The logic behind Marginal Win Score (in a nutshell)

Marginal Win Score is really someone else’s research and rigorously tested professional work (Professor David Berri’s) amended by me based solely on some logical inferences I made and then tested.  I lay them out here.  If you buy into each of the premises, then the validity of Marginal Win Score follows.  If you do not, then it falls apart.  Pretty simple.

Premise 1:

David Berri’s scientifically tested and peer reviewed work correctly identified the correlation between each of the traditional individual basketball box score statistics and team wins.

Premise 2:

Professor Berri’s Win Score metric, a product of the above referenced work, accurately weights each of those statistics according to its impact on win production.

Premise 3:

At all times in the sport of basketball there are two participant teams and ten opposing players all competing to win the given contest.

Premise 4:

If  Win Score is accurate, then the team that produces the highest Win Score in any given game should have the higher probability of winning that particular game.

Premise 5:

In the course of a normal basketball game, every player on both teams has the ability to simultaneously: (a) produce “Win Score” for his team;  and (b) take actions that make it more difficult for the opponent players to produce “Win Score” for their teams (by harassing shooters, or obstructing the path to rebounds, or making passing more difficult, etc.).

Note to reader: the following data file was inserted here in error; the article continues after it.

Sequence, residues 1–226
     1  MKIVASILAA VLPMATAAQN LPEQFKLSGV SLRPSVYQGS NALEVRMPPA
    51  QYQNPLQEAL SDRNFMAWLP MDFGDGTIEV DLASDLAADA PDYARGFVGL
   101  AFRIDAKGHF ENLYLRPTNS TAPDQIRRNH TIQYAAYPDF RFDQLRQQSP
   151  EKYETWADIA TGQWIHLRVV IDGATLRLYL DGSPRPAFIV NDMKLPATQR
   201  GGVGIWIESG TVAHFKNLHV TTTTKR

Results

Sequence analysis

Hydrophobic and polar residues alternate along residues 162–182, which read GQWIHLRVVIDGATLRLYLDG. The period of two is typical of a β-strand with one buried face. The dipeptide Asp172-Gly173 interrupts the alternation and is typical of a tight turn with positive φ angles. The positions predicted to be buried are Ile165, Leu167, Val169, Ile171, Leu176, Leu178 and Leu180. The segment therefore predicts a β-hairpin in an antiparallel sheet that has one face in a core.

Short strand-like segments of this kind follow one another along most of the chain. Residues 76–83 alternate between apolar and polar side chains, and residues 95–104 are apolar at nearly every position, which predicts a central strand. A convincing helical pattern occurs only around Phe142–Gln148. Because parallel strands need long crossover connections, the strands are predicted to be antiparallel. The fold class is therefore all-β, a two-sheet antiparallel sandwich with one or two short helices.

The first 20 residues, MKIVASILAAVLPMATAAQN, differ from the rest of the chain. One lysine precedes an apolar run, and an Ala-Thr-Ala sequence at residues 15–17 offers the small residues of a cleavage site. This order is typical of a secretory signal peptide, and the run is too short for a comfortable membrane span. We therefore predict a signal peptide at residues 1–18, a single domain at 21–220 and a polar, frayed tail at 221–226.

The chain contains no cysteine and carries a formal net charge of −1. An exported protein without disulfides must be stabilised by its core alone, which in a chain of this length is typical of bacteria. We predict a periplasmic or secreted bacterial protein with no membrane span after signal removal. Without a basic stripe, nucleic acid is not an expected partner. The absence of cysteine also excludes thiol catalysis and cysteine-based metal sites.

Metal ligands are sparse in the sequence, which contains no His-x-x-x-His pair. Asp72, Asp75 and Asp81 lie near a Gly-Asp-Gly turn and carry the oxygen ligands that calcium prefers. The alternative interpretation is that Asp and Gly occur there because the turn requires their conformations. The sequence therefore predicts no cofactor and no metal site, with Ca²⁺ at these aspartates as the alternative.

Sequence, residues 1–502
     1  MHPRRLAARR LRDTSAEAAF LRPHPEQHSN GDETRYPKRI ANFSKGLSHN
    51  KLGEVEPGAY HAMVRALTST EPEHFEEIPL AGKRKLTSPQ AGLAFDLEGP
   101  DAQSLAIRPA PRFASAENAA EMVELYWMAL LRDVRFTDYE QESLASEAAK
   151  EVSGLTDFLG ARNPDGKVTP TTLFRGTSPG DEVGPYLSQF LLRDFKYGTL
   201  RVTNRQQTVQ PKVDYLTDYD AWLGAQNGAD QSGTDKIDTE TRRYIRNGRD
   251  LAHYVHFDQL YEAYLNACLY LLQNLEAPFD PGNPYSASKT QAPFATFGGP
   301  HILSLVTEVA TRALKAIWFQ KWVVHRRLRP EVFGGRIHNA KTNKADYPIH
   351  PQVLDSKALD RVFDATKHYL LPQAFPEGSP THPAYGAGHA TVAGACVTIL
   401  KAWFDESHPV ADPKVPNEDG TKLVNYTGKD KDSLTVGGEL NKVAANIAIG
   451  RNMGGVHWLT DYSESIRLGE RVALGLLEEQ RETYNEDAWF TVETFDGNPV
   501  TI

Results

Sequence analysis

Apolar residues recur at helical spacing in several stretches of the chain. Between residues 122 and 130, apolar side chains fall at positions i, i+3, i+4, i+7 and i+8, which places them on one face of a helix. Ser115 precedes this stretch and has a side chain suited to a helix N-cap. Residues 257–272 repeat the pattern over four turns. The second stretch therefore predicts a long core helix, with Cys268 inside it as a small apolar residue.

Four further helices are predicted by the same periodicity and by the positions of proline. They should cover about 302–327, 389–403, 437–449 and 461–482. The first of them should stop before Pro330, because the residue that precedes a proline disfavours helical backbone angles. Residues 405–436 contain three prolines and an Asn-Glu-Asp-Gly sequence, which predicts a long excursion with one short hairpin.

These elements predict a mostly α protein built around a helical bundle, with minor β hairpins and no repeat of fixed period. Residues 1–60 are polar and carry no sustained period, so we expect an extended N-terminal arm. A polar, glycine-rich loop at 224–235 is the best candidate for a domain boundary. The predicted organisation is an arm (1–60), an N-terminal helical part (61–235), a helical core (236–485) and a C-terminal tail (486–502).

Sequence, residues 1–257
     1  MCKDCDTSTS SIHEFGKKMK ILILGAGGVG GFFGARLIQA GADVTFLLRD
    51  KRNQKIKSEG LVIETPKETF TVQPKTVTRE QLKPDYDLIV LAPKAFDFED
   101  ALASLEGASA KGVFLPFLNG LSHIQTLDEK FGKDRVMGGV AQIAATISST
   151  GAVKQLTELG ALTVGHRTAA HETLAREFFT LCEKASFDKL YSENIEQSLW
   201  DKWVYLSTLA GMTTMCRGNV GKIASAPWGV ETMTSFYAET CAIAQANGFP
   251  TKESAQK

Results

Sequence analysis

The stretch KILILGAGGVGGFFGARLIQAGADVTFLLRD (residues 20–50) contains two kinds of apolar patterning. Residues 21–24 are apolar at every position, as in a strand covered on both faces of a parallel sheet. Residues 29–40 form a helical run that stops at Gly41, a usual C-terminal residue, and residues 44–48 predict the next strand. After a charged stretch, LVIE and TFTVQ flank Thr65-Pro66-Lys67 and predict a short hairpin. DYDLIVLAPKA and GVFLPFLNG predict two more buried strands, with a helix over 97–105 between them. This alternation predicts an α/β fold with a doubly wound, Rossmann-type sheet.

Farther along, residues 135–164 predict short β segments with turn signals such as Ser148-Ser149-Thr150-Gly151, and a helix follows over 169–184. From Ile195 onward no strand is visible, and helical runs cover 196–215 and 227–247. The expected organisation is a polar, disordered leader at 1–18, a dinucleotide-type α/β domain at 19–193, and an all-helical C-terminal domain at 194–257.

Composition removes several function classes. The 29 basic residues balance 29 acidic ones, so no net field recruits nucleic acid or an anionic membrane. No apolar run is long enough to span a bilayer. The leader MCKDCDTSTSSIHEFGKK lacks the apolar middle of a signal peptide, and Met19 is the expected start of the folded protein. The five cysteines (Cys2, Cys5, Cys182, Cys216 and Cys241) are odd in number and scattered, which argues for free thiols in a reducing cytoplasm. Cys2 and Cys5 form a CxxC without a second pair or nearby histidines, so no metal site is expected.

Premise 6:

In general an individual player can have the largest individual impact on the production of the opponents that play the same position as him.


Therefore a basketball player’s ability to produce wins for his team is a function of his ability to outproduce the opponent players who play the same position as him, and since the Win Score metric accurately calculates favorable statistical production, then it follows that a comparison of the player’s Win Score per 48 with the Win Score per 48 average of all his counterpart opponents provides an accurate measurement of the number of wins the player produced for his team (when coupled, obviously, with the player’s minutes).

2 Responses to “The logic behind Marginal Win Score (in a nutshell)”

  1. NBA Wins and Losses attributed to every player « Courtside Analyst Says:

    […] The chief player win production metric used by this blog.  I ask you to go here for a fuller explanation. […]

  2. Milwaukee Bucks Win Chart (7 games) « Courtside Analyst Says:

    […] I unleash the first partial Marginal Win Score win chart for the Milwaukee Bucks 2010-11 season.  The numbers are not pretty, as you would expect […]

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